Select a link below to download the corresponding pdf.
A missing tooth is not just a matter of your appearance. It's also a health concern, causing additional dental problems.
Sometimes a tooth that has been knocked out may be reimplanted, if you protect it and contact your dentist immediately.
Brushing your teeth is your first line of defense against tooth decay and gum disease.
Burning mouth syndrome (BMS) is a painful burning feeling in your mouth or on your tongue and lips. Although BMS can affect anyone, it's most common in middle-aged or older women.
A crown is a "cap" for a damaged tooth. A crown usually covers the tooth completely, strengthening and protecting it. Your tooth may need a crown for many reasons: a large old filling, a fracture, dental decay, root canal treatment, or severe discoloring. A crown may also be used to cover a dental implant or attach a dental bridge.
Sealants help to prevent tooth decay by keeping germs and food out of hard-to-brush areas on your back teeth.
People with diabetes need to take special care of their oral health because diabetes may lower your resistance to gum disease and other mouth infections.
Dry mouth on an occasional basis is not cause for concern. However, constant dry mouth is more than unpleasant: it can lead to serious health problems.
Flossing is a major part of your daily dental care—or it should be. It's an essential step in your efforts to remove plaque.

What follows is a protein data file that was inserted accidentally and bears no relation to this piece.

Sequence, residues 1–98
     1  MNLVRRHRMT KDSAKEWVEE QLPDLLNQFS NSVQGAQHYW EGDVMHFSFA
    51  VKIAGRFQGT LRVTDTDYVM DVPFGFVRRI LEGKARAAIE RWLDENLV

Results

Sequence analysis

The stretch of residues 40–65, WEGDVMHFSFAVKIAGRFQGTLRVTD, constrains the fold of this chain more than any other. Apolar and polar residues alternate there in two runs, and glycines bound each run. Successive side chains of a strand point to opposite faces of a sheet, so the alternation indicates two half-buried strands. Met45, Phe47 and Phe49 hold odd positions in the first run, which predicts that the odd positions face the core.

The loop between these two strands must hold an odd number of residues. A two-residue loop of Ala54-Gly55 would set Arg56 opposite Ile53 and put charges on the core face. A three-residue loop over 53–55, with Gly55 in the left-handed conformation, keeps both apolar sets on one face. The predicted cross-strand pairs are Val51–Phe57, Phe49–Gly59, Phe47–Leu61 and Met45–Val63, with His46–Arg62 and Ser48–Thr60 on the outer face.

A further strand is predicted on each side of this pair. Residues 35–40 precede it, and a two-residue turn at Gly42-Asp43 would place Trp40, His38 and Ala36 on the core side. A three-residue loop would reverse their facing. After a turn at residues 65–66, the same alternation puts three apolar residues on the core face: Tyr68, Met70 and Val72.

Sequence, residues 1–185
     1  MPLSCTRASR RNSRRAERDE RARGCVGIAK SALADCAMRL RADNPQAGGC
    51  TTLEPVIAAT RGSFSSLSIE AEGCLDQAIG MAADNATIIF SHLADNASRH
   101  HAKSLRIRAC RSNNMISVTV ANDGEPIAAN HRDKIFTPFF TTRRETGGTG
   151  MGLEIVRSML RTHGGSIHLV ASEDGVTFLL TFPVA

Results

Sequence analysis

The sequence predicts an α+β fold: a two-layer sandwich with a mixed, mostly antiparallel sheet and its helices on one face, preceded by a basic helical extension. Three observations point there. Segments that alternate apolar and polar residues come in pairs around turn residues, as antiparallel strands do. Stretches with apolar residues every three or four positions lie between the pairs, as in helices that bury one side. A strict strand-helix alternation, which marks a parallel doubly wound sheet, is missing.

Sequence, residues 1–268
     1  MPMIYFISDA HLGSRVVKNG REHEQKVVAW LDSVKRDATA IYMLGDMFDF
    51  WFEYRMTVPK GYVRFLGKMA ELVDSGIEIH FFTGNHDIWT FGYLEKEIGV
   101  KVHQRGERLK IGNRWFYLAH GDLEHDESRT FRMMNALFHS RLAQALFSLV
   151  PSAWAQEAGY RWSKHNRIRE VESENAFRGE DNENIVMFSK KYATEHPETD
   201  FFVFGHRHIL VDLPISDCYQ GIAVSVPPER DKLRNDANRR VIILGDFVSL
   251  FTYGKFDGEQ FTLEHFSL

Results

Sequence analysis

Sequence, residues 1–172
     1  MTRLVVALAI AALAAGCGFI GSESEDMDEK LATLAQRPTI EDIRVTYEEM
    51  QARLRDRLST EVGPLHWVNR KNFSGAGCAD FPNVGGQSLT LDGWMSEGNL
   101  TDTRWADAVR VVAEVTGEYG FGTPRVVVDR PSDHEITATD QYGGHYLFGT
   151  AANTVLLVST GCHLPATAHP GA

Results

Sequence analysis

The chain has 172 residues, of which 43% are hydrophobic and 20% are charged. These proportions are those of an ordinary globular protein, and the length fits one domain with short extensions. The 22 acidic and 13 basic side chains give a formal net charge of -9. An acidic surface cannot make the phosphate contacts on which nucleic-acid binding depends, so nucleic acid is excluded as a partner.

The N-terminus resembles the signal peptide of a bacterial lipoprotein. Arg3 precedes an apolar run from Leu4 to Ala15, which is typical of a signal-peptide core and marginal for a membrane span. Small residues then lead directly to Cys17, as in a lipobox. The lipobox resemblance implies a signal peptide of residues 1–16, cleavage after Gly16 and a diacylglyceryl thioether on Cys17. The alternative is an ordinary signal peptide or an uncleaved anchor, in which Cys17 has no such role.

Fluoride is not just for children and adolescents; adults also gain significant benefits.
There are many different types of mouth sores. They range from minor irritation caused by friction to painful, contagious outbreaks from viruses. Mouth sores may also be a symptom of a disease. No matter what the case, see your dentist about any sore that lasts over a week.
Oral cancer is more common than most people realize. An estimated 30,000 Americans are diagnosed annually with oral cancer, which includes cancers of the mouth and pharynx (a part of the throat).
Inside every tooth is an area of blood vessels and nerves, known as the pulp. Root canals travel from the tooth's root into the pulp chamber. While normally protected by the hard outer shell, this chamber can be harmed by trauma, severe tooth decay, repeated dental procedures, large fillings, and other problems.
Grinding your teeth or clenching your jaw, besides being painful, can cause lasting damage to your oral health.
Tooth decay is the gradual destruction of your tooth enamel, leading to caries (cavities), infection, and loss of your tooth. Tooth decay usually begins on the biting surfaces of your teeth, between your teeth, and around existing fillings.